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The Spokesman-Review Newspaper
Spokane, Washington  Est. May 19, 1883

McMorris Rodgers: End the shutdown with a new deal on border security and DACA

The U.S. Capitol dome is seen past the base of the Washington Monument just before sunrise in Washington, on Saturday, Dec. 22, 2018, the day hundreds of thousands of federal workers faced a partial government shutdown. (Carolyn Kaster / AP)

A deal can be made to secure the border and reopen the part of the federal government that is shut down, but Congress and President Donald Trump shouldn’t do one without the other, U.S. Rep. Cathy McMorris Rodgers said Tuesday.

“I agree with the president that we need to be taking action. I believe there is a deal that could be made,” the Spokane Republican said in an interview after Trump and Democratic leaders addressed the nation on the issue.

But Democrat Patty Murray, Washington’s senior senator, said Trump was “willing to say and do anything” to justify a wasteful border wall, adding the shutdown was “reckless and wrong.”

In a statement released after the speeches, Murray said Senate Republicans should allow a vote on a bill passed by the chamber just last month that was passed by the House shortly after the new Congress convened. They should also “demand President Trump stop wasting precious time and money by doubling down on a shallow campaign promise that everyone knows is not the answer to securing our southern border and making our country safe.”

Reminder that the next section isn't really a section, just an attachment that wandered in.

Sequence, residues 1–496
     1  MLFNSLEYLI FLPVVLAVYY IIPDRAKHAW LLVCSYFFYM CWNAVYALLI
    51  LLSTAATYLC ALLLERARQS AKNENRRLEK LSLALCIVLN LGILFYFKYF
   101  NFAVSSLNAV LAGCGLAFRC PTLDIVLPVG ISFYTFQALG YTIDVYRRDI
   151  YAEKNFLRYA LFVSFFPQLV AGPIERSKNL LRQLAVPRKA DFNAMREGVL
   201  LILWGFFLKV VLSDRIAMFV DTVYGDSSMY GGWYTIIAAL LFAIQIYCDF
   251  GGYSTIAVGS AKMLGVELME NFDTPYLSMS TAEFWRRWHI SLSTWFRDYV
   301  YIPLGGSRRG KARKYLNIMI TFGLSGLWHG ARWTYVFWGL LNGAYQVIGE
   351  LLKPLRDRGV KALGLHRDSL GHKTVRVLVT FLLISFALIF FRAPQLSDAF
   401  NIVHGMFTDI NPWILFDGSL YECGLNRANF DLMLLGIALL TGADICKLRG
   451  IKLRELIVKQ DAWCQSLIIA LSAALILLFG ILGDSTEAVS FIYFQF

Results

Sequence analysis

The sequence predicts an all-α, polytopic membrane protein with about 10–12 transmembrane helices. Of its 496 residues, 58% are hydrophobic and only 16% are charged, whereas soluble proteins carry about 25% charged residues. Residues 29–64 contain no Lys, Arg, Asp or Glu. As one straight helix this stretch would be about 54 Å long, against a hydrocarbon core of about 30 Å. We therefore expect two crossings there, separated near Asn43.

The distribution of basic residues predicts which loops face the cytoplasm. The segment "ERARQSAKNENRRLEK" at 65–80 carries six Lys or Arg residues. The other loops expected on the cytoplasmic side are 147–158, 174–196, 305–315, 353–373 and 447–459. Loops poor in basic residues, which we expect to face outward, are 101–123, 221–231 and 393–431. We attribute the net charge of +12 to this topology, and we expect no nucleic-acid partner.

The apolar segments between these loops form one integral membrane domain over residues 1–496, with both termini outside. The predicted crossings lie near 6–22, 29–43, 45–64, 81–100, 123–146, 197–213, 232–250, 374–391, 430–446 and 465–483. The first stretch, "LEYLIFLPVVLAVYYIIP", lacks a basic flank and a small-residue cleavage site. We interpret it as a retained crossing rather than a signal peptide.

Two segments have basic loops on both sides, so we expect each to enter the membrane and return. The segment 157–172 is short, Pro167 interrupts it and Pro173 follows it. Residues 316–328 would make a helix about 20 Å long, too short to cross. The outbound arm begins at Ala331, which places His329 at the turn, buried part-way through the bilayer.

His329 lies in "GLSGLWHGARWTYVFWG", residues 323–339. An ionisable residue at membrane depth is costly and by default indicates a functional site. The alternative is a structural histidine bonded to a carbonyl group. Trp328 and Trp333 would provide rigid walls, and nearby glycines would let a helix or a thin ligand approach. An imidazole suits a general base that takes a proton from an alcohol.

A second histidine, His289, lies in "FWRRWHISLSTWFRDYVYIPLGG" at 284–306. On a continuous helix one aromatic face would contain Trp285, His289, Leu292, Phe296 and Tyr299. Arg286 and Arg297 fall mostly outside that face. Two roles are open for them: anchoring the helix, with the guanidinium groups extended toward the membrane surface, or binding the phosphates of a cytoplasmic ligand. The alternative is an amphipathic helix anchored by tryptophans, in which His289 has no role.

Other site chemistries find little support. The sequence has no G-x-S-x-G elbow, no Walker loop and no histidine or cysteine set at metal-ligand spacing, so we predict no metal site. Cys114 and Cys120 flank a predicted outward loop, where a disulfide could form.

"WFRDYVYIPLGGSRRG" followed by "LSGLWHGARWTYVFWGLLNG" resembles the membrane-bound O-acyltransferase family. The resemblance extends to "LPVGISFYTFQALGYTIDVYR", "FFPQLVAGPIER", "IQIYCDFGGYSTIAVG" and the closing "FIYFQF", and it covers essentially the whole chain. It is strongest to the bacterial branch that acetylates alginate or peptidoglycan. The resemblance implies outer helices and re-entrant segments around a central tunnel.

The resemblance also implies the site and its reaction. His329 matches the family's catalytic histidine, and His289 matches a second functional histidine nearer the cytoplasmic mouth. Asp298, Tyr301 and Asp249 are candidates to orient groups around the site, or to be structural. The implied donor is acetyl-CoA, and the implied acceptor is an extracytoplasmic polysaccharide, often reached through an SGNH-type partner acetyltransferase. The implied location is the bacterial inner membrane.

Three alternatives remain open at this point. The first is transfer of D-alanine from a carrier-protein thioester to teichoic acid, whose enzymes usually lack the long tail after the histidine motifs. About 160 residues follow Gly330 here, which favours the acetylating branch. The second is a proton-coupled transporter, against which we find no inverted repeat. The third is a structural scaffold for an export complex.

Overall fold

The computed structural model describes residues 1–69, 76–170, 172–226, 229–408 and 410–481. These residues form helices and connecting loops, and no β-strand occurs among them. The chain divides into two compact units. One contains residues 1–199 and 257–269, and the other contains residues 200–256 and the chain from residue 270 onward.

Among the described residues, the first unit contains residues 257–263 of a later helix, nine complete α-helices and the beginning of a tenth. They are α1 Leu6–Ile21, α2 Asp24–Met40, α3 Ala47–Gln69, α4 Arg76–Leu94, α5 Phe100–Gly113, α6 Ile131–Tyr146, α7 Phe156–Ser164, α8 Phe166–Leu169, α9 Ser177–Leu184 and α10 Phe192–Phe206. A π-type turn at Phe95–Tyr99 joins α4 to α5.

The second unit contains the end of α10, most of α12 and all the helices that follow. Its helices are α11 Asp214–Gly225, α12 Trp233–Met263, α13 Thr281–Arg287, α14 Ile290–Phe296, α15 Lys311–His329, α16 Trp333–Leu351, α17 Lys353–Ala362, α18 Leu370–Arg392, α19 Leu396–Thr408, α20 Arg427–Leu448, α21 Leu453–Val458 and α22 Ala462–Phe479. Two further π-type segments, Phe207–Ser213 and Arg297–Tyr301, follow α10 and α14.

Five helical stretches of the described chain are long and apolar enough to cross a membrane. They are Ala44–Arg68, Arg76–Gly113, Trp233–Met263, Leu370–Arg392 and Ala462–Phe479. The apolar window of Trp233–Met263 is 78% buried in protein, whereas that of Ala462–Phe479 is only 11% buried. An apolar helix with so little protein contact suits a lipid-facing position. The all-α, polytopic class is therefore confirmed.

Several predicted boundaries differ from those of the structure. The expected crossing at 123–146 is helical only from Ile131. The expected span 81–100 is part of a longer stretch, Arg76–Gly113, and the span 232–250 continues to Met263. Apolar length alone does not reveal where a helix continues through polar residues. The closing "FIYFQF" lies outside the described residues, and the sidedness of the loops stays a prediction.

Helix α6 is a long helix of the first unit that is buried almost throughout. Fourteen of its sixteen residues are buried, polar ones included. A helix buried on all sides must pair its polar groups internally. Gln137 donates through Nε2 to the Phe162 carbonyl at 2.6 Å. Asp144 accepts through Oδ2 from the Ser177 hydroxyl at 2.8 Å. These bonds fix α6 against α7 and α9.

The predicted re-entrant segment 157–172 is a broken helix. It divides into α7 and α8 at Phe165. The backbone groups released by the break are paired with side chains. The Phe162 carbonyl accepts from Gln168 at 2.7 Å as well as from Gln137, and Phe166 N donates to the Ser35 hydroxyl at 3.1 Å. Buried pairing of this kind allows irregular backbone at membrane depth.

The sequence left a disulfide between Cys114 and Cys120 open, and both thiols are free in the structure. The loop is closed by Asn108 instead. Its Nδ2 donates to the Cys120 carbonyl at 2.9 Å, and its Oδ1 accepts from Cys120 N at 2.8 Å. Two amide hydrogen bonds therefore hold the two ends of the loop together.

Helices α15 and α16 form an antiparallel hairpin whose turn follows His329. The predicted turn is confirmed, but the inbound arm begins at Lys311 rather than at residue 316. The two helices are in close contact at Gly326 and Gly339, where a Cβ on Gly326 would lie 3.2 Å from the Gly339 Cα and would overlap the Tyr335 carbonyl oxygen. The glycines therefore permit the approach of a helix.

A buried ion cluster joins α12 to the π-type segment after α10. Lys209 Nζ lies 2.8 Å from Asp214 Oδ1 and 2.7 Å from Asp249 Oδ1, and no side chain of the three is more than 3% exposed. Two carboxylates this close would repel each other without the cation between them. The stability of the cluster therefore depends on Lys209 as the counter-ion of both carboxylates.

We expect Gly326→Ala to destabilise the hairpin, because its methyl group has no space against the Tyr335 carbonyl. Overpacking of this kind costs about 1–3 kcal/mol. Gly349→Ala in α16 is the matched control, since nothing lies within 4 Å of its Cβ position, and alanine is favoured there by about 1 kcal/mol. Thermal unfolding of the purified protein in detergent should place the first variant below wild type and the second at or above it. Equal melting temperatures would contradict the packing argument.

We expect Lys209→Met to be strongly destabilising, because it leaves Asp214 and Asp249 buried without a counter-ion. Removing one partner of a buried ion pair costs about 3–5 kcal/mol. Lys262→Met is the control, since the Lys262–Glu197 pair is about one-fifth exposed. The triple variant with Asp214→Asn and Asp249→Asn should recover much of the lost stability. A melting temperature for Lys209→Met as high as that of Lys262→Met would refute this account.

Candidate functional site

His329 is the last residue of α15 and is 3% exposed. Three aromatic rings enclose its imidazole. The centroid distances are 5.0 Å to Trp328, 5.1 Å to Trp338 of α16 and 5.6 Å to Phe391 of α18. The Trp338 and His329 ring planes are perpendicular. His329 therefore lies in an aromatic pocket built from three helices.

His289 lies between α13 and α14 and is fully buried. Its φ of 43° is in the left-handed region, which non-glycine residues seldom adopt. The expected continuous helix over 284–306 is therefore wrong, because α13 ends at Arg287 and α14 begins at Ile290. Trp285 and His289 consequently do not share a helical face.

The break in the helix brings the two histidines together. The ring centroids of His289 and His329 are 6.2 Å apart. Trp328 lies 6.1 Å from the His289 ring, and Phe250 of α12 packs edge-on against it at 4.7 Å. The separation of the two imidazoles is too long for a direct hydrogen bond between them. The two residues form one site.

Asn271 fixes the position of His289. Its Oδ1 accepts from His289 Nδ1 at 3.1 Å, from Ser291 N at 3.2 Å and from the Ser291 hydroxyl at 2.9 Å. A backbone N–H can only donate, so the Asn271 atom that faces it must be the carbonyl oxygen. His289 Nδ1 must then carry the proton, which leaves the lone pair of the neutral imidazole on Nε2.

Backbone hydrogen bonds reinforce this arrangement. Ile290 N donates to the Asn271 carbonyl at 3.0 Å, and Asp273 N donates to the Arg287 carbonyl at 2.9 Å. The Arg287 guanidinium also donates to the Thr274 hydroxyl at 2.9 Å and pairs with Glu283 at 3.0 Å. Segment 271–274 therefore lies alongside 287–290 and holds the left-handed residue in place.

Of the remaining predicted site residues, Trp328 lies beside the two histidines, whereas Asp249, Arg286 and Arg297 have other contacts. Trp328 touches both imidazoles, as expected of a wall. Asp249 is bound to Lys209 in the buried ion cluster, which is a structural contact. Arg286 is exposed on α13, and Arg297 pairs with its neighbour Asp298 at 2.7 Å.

McMorris Rodgers, the most senior Republican in the state delegation, contends a wall or barrier is a necessary element of better border security. Congressional leaders should broker a new deal, she said, that includes the $5.7 billion Trump wants for a barrier in exchange for an opportunity for eventual citizenship for undocumented immigrants in the DACA, or Deferred Action for Childhood Arrival, program.

The amount Trump is requesting for the wall is relatively small compared to the rest of the federal budget, she said. But without the money Trump is requesting for a physical barrier, Congress shouldn’t vote to reopen idled government operations, McMorris Rodgers said.

“This is the moment that we need to strike the deal. We should keep the pressure on to secure the border,” she said.

How long Congress and the president should be willing to keep a large part of the federal government closed, with some employees furloughed and others working without pay, is hard to say, McMorris Rodgers said.

“It’s extremely difficult when people are not getting paid,” she said.

On that point, Murray agreed. The shutdown is “endangering the livelihoods of hundreds of thousands of workers who have no idea when they will see their next paycheck.”

Declaring a national emergency – which the Trump administration has mentioned but the president did not suggest Tuesday night – is not the right approach, McMorris Rodgers said.

“In divided government, both parties have to come to the table and responsibly govern,” she said.